"In the end, this is not about me at all."
"I told the president that my principal regret was that all of the attention paid to his deeply supportive remarks during his press conference had distracted attention from his health care initiative," Gates said. "I am pleased that he, too, is eager to use my experience as a teaching moment, and if meeting Sergeant Crowley for a beer with the president will further that end, then I would be happy to oblige."
"It is time for all of us to move on, and to assess what we can learn from this experience."
"This could and should be a profound teaching moment in the history of race relations in America," Gates said. "I sincerely hope that the Cambridge police department will choose to work with me toward that goal."
"If my experience leads to the lessening of the occurrence of racial profiling, then I would find that enormously gratifying," Gates said on The Root. "Because, in the end, this is not about me at all; it is about the creation of a society in which 'equal justice before law' is a lived reality."
This can never move forward until Gates and Obama apologize, and admit their mistakes. They profiled Crowley, and they smeared him, and his reputation. They are trying to turn this into a teachable moment, pushing the idea that Crowley acted inappropriately, and profiled Gates. They aren't backing down from that, and until they do, the issue is stuck.
This can serve as a teachable moment if the intent is to teach that falsely accusing a white officer, or anyone, of being a racist is wrong. Racial profiling is wrong, and as Gates has proved, it goes both ways.
Gates did not receive equal treatment under the law - he received preferential treatment. His charges were dropped the minute he threw the race card, and dropped a few names.
Race Not Mentioned in Harvard Scholar 911 Call
The 911 caller who reported a possible break-in at the home of black Harvard scholar Henry Louis Gates, Jr. did not mention race in the call, according to a statement issued by her attorney and backed up by Cambridge Police Commissioner Robert Haas.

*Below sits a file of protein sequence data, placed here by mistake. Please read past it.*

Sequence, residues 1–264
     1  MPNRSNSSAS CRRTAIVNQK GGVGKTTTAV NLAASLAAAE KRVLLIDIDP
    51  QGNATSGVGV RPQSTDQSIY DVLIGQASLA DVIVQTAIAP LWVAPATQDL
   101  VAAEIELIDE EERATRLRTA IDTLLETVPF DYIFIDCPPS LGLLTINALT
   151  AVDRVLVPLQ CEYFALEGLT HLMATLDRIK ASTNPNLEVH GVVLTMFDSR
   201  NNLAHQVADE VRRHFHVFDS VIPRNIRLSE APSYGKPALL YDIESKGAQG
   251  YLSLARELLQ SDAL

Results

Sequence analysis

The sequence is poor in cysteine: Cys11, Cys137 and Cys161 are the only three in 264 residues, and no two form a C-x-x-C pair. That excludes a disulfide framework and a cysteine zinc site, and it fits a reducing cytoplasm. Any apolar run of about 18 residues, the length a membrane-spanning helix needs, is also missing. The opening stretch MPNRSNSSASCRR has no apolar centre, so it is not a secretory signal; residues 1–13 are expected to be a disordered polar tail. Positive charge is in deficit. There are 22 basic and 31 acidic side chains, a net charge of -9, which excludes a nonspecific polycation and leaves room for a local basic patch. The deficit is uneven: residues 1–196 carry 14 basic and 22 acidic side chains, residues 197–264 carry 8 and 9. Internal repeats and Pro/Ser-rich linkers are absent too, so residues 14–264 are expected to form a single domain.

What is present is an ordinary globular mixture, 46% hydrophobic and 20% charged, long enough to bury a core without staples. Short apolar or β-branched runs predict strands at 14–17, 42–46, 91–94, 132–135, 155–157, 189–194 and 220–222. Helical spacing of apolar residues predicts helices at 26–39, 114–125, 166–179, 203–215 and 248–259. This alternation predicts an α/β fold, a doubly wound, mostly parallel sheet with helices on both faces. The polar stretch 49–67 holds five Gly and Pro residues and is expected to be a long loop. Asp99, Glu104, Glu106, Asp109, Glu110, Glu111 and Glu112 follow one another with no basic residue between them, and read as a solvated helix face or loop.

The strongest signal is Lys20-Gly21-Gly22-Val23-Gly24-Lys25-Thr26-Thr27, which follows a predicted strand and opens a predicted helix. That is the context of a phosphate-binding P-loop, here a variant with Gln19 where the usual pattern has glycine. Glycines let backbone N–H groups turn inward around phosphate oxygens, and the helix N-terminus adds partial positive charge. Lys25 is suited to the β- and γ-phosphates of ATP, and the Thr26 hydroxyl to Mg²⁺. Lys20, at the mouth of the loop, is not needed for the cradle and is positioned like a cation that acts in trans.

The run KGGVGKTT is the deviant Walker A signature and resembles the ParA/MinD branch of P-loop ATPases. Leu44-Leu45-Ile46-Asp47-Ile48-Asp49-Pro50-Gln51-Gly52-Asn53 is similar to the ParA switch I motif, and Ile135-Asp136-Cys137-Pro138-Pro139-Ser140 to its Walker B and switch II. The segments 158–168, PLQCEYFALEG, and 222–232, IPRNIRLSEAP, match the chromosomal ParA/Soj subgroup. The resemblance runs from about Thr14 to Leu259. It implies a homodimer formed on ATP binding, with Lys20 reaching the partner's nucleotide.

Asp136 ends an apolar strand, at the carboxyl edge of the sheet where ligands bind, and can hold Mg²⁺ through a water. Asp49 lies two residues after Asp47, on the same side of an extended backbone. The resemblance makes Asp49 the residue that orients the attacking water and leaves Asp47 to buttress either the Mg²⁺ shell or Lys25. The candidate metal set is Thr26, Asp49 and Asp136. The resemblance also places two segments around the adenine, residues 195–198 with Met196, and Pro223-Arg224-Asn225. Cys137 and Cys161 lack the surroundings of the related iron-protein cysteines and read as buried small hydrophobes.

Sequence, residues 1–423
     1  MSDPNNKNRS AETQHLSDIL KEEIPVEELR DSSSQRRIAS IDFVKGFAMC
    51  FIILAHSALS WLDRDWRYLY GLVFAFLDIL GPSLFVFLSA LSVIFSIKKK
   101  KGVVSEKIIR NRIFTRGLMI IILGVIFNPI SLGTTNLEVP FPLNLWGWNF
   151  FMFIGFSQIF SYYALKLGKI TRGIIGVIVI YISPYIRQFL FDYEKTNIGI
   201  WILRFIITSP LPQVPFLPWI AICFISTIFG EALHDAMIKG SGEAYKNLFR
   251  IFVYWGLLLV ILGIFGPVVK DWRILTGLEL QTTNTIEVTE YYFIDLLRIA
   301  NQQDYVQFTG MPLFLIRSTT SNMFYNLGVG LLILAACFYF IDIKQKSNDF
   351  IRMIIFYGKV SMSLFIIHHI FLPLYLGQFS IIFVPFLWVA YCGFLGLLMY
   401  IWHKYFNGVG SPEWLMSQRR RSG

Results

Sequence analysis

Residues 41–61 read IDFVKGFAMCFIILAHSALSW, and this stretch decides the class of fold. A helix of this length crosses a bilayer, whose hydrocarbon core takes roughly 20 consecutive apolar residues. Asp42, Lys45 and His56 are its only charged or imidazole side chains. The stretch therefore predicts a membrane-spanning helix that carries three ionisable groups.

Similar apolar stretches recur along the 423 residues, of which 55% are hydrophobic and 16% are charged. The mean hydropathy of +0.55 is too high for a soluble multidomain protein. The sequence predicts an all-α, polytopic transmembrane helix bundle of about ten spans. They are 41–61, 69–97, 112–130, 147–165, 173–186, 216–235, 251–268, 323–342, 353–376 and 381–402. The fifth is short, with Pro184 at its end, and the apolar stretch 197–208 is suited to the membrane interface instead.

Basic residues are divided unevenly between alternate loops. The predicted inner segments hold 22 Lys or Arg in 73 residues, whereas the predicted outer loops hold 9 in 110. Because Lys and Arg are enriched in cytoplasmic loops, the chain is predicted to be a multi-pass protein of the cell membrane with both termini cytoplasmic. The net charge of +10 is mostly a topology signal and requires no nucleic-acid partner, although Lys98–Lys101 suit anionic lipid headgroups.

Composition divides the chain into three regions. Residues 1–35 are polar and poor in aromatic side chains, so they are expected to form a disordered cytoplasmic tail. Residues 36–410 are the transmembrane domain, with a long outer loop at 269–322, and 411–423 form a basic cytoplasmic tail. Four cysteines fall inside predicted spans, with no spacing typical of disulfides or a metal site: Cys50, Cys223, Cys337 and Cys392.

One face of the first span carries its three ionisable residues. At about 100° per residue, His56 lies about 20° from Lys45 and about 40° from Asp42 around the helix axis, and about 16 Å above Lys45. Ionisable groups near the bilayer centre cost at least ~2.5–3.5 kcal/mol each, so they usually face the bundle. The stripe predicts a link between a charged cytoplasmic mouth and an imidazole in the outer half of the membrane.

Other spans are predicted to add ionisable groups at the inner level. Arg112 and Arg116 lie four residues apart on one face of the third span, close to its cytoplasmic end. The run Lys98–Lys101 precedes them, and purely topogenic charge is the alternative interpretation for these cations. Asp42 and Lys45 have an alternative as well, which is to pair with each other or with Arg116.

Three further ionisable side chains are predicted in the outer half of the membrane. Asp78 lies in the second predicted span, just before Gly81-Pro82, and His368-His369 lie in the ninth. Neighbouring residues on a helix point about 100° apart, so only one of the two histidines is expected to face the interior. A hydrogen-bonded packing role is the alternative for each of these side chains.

Lucia Whalen placed the 911 call July 16, saying she saw two men on Gates' front porch who appeared to be trying to force open the front door. The call led to the arrest of Gates by Cambridge police on a disorderly conduct charge, and the resulting national firestorm.
In the statement issued Sunday by attorney Wendy Murphy, Whalen — who has not spoken publicly — said she only saw the backs of the two men and did not know their race when she made the call. Murphy said Whalen, who works nearby, called because she had been aware of recent break-ins in the area and was "personally devastated" by suggestions that she placed the call because the men on the porch were black.
Murphy said Whalen was 100 percent certain that she never said she saw two black men.
"It was very clear that she wasn't sure what the men's race was," Haas said in an interview with The Boston Globe Sunday night.
Haas said Whalen, after questioning by the dispatcher during the 911 call, speculated that one of the men — who turned out to be Gates and a black car service driver — may have been Hispanic.
UPDATE: An Obfuscatable Moment
Today, on Fox News Sunday, Juan Williams came up with a fine formulation, in the context of the Henry Louis Gates imbroglio:
"But in this situation, the president spoke without the facts. And so you can't have a teachable moment if it's based on a lie."
Amid all the blather about "teachable moments," I don't recall anyone else making this simple but profound observation: "You can't have a teachable moment if it's based on a lie." Another way of putting it might be to say that it's not a "moment" that's teachable, it's the truth that's teachable.